For example, short-acting benzodiazepines affect the brain quickly, have a short half-life, and are quickly metabolized out of the body. Benzodiazepines can be broken down into the following categories:
What is a Benzodiazepine Addiction?
Benzodiazepine addiction is a chronic brain disease characterized by compulsive substance-seeking and use despite negative consequences. It’s a brain disease that alters how the brain functions. Those struggling with benzo addiction depend on the drug to function on a normal basis.
A benzo addiction can seriously get in the way of an individual’s life. Their work life, relationships, and overall well-being all become affected. Without treatment, addiction worsens over time. This can consequently lead to permanent health issues and severe burdens like financial debt.
Signs of a Benzodiazepine Addiction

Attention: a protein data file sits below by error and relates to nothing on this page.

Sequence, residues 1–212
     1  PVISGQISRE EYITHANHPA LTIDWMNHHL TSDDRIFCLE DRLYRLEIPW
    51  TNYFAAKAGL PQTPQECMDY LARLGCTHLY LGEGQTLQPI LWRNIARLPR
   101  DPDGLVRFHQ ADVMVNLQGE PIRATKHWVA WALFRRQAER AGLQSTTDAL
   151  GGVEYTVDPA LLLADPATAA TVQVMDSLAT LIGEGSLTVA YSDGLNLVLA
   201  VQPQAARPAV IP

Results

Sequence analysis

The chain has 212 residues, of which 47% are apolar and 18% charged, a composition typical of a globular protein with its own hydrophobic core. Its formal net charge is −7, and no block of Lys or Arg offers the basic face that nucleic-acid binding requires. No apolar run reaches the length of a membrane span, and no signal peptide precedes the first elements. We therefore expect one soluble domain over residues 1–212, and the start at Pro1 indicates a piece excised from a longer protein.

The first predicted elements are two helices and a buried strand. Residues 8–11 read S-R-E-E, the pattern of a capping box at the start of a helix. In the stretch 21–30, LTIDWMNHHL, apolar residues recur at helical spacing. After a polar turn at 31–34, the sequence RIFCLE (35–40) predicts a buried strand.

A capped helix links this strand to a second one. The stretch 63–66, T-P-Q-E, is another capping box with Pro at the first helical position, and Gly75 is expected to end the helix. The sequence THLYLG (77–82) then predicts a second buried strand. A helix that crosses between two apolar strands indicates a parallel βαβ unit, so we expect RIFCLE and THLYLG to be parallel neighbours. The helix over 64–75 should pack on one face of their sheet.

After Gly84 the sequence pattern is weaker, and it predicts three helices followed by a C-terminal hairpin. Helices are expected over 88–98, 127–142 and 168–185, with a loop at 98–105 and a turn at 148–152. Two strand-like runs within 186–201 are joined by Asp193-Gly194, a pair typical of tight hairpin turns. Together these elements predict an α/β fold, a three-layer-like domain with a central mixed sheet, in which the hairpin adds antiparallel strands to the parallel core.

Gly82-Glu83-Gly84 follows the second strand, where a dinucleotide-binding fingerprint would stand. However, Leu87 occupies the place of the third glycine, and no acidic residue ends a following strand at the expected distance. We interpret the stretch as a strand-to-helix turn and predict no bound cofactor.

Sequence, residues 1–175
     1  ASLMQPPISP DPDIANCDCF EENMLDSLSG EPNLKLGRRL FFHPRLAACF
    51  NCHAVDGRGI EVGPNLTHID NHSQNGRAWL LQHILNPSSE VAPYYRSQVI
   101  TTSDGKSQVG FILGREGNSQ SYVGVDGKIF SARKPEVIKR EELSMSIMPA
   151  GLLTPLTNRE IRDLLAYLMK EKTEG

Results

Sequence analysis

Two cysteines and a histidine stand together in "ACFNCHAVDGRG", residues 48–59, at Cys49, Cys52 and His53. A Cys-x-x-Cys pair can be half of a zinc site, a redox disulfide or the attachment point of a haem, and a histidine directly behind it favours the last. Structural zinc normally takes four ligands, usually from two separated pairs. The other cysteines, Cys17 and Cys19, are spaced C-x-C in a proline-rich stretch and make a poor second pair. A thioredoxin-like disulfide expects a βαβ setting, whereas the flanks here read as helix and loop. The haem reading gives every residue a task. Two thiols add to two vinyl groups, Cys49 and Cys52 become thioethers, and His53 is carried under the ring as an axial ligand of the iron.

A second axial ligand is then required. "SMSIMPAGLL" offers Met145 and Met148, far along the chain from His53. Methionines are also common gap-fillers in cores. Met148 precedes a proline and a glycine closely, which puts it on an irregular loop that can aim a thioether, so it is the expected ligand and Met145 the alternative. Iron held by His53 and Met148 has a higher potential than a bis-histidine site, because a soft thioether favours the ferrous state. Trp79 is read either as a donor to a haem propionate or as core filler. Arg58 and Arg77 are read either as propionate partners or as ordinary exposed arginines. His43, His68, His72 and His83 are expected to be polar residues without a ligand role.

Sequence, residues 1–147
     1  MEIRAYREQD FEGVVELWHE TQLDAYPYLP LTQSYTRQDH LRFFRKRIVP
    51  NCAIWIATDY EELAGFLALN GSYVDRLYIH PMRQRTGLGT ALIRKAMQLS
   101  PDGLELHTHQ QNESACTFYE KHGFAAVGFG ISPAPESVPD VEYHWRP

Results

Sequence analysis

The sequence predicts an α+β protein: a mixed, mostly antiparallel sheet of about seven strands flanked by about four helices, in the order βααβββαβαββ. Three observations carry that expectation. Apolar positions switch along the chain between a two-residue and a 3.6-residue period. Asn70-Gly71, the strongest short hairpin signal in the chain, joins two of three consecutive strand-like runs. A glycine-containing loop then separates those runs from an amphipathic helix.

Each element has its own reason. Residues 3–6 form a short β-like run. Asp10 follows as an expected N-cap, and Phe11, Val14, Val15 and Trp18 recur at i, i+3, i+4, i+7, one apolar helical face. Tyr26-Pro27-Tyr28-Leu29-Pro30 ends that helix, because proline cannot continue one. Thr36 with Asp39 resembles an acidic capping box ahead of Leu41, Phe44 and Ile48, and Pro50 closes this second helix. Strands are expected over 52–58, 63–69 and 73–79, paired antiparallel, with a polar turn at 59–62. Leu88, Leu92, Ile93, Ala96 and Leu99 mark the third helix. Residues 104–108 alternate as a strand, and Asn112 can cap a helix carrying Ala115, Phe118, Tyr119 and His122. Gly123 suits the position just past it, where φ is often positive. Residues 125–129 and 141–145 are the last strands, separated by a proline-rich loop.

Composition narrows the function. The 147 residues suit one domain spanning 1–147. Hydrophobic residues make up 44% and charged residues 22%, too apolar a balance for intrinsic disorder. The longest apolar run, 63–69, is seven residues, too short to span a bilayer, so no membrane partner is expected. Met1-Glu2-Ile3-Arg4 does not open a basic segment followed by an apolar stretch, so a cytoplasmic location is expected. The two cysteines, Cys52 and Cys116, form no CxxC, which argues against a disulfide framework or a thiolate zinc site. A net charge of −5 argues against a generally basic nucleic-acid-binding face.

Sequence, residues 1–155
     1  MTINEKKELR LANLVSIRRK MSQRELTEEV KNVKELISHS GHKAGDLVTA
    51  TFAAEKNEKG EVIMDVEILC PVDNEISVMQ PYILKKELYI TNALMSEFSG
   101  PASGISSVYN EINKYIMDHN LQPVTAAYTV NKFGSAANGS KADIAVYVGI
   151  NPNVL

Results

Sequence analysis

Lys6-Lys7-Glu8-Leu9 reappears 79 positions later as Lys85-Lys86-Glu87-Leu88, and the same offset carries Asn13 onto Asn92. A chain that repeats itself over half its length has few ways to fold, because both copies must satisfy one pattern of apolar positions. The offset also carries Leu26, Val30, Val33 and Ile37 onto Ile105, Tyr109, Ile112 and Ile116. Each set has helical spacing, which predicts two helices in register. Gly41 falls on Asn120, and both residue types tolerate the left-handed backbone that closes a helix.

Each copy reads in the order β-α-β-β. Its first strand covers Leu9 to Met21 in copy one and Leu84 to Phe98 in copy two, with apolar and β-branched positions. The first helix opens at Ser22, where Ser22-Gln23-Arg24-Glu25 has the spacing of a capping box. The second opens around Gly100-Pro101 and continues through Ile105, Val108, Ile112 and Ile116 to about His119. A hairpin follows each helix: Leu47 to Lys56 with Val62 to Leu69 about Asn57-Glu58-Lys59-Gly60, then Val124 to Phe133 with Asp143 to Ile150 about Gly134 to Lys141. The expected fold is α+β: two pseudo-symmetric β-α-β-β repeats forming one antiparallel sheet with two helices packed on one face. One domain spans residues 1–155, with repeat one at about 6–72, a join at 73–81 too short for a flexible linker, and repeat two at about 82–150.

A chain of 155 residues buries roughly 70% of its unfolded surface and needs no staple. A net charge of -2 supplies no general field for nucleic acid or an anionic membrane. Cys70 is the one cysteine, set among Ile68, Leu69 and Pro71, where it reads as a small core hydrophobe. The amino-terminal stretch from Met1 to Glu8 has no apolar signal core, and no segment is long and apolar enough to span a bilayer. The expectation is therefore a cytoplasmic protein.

Recognizing the signs of a benzodiazepine addiction is key to preventing addiction from worsening. Signs of a benzo addiction range from physical to behavioral cues one can look out for. Those struggling with addiction often leave clues behind.
Behavioral clues of a benzodiazepine addiction include:
- Withdrawal from friends, family, and responsibilities
- Strange financial habits such as borrowing money, stealing, draining bank accounts, or maxing out credit cards
- Risky behavior, such as driving, after using the drug
- Reduction in effort to maintain hygiene
- Uncharacteristic changes in mood
Benzodiazepine addiction can also be recognized through physical and physiological signs such as:
- Physical weakness
- Slurred speech
- Poor decision-making abilities and poor judgment
- Blurred vision